Published on November 21st, 2019 | by Ruben0
Visiting Bodegas Diez-Mérito
After getting my certification as a Sherry Educator in 2018, I had a free Saturday in Jerez before flying back. It turns out visiting a bodega on a Saturday (or Sunday) is quite difficult, I believe you’re more or less limited to Lustau, González Byass (both of which I already visited)… and Diez-Mérito. The limited choice was not a hardship at all. Díez-Mérito had been on my shortlist for a long time, because of its beautiful architecture, but also because of its VORS wines, more specifically the legendary Fino Imperial.
Díez Hermanos + Marqués del Mérito
The history of Diez-Mérito is rooted in two important family bodegas. It started as Bodegas Diez Hermanos in 1876, founded by two brothers (later three), primarily exporting to the South of France while keeping their wines in a large facility accross the train station in Jerez. They took over a list of other bodegas (Ysasi, Riva & Rubio and Fuentes Parilla) and in the early 1900s they were quite an important shipping company and a supplier to the Spanish Royal Family. They restored the former cloister of Santo Domingo in 1908 and the Alcazar of Jerez in the 1920s, and they were responsible for bringing the first trains to Spain.
The other branch of the company was Bodegas Marqués del Mérito, set up by the 2nd Marques (the Lopez de Carrizosa family) in the second half of the 19th century. The firm was taken over by Diez Hermanos in 1979 and became Diez-Mérito, with an extensive range of vineyards and bodegas. However in 1981 they were swallowed by the infamous Rumasa group, which soon brought an end to the success story. After the expropriation the bodegas belonged to the Federico Paternina group (1985-2016). After the death of the owner, Díez-Mérito was sold and is now in the hands of the Espinosa family, which have owned vineyards around Jerez since the 1980s and are also involved in Covijerez, one of the biggest grape growing / vintners cooperatives.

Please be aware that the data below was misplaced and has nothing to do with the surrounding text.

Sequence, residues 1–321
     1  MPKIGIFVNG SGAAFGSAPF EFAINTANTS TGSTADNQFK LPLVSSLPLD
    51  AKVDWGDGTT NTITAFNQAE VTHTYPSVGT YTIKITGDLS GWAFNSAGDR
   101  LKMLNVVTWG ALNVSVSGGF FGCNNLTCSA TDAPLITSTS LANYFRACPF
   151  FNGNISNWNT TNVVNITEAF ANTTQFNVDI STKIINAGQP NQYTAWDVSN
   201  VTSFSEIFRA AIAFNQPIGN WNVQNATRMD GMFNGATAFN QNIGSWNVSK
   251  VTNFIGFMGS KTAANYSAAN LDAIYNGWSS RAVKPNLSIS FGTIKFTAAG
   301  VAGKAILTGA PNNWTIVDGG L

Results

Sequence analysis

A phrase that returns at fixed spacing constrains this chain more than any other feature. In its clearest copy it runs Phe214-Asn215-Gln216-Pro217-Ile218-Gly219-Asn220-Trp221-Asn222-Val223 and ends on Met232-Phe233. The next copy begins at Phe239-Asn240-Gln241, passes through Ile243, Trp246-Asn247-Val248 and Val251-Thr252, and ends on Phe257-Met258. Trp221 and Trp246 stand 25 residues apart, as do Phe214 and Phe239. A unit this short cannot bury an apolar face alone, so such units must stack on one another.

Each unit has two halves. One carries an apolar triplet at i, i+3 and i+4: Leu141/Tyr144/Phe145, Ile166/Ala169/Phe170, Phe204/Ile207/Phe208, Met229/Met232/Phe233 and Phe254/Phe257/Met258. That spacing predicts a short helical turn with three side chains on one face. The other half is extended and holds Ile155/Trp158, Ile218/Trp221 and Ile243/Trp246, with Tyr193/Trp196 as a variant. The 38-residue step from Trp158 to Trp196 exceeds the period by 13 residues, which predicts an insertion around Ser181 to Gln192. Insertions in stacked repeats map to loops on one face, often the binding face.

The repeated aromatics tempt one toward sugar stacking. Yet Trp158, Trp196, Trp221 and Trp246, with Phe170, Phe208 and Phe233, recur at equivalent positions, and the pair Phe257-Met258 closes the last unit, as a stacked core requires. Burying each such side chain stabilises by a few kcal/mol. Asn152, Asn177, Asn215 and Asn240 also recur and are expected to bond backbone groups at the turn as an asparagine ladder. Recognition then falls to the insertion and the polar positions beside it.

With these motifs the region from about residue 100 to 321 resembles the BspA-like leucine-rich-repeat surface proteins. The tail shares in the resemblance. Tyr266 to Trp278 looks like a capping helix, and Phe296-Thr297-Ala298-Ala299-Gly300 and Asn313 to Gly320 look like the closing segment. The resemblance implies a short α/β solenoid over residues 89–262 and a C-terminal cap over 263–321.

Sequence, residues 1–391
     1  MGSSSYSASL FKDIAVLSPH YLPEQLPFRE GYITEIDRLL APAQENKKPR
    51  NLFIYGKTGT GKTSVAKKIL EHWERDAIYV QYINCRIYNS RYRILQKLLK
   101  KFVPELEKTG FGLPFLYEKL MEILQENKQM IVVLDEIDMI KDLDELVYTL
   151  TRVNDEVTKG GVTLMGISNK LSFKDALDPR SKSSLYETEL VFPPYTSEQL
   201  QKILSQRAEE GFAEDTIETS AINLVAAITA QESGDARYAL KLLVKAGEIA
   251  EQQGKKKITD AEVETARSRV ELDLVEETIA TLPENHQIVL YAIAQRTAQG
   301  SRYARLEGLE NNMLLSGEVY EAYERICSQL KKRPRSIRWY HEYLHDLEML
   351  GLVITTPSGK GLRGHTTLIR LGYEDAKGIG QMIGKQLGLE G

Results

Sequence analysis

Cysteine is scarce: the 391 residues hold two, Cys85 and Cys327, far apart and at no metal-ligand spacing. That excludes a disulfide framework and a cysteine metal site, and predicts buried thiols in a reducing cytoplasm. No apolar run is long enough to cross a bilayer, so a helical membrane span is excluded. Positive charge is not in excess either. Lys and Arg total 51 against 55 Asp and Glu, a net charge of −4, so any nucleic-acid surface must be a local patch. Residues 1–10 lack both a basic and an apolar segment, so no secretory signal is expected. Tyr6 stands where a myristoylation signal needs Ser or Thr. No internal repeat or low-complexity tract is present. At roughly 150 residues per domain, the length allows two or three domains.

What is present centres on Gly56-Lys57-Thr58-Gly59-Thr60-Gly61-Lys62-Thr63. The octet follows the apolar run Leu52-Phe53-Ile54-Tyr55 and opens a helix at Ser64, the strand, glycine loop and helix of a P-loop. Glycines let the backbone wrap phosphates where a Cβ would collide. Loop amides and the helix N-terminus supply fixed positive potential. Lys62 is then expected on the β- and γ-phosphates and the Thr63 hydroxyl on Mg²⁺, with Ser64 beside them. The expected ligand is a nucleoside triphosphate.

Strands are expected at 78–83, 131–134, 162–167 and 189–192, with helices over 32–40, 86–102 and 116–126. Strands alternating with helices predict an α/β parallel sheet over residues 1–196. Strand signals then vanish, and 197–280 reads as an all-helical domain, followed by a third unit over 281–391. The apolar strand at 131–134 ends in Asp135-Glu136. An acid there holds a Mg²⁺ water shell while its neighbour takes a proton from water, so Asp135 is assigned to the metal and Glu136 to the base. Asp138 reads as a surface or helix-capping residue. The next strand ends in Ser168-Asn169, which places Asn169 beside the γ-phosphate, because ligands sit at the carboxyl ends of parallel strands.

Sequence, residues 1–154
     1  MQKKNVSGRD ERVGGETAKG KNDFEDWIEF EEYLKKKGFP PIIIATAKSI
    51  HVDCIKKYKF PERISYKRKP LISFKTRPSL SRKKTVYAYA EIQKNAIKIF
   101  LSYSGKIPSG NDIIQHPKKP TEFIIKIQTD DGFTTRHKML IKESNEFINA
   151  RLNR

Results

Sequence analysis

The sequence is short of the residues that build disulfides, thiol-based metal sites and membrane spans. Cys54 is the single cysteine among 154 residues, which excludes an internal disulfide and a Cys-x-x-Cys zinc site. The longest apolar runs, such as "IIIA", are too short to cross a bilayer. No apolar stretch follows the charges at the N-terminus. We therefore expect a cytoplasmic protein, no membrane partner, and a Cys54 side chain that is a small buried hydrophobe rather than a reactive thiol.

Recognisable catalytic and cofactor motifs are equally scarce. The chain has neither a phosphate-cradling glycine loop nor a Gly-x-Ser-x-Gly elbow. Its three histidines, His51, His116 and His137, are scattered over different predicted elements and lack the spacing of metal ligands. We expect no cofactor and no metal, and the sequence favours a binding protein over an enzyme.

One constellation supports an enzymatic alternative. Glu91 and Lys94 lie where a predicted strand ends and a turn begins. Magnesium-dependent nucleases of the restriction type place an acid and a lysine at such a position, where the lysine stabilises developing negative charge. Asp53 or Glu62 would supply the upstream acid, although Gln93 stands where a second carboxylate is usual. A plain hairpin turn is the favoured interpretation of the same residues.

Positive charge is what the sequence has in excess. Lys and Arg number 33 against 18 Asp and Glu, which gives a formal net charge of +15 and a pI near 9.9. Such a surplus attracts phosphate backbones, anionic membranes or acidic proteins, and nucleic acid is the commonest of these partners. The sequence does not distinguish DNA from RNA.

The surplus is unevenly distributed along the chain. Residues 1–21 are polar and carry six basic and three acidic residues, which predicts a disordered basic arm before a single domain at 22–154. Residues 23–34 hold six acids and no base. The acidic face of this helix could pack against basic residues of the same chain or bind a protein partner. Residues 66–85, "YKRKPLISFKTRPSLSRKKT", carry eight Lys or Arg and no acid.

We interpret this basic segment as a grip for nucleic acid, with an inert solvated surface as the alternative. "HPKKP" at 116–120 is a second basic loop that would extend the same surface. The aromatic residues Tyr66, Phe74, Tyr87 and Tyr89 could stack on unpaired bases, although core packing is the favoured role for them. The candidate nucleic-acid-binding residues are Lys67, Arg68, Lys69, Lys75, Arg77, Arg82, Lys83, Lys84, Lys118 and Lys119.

Diéz-Mérito has several bodega blocks but the most emblematic of all is the Bodega Bertemati, which is also where the visits are held. This beautiful building was constructed in 1790 and gets its name from one of the first owners, Manuel Misa y Bertemati who was named the Marqués de Misa. Originally the bodega complex occupied 17 naves, from the current-day bodega all the way to the train station of Jerez: a whole neighbourhood with streets and buildings surrounded by a wall.
You approach the bodega from a small square on the Calle Diego Fernández Herrera and the first thing that grabs your attention is the French front garden and the beautiful gate. This could be the palace of a marquess indeed. However the visitors entrance is to the side, with slightly less grandeur. Once inside, I was led to an inner courtyard called Patio de los Naranjos, which has a central well and is filled with orange trees. The archways, the trees, the barrels all around, the tiled roofs and the black / white / ocre tones give this place a special atmosphere.
It’s clear that this is an early bodega, with fairly low ceilings and very thick walls, not the typical cathedral-style. The vaulted structure adds to the architectural appeal and gives it a unique design that I haven’t seen anywhere else in Jerez.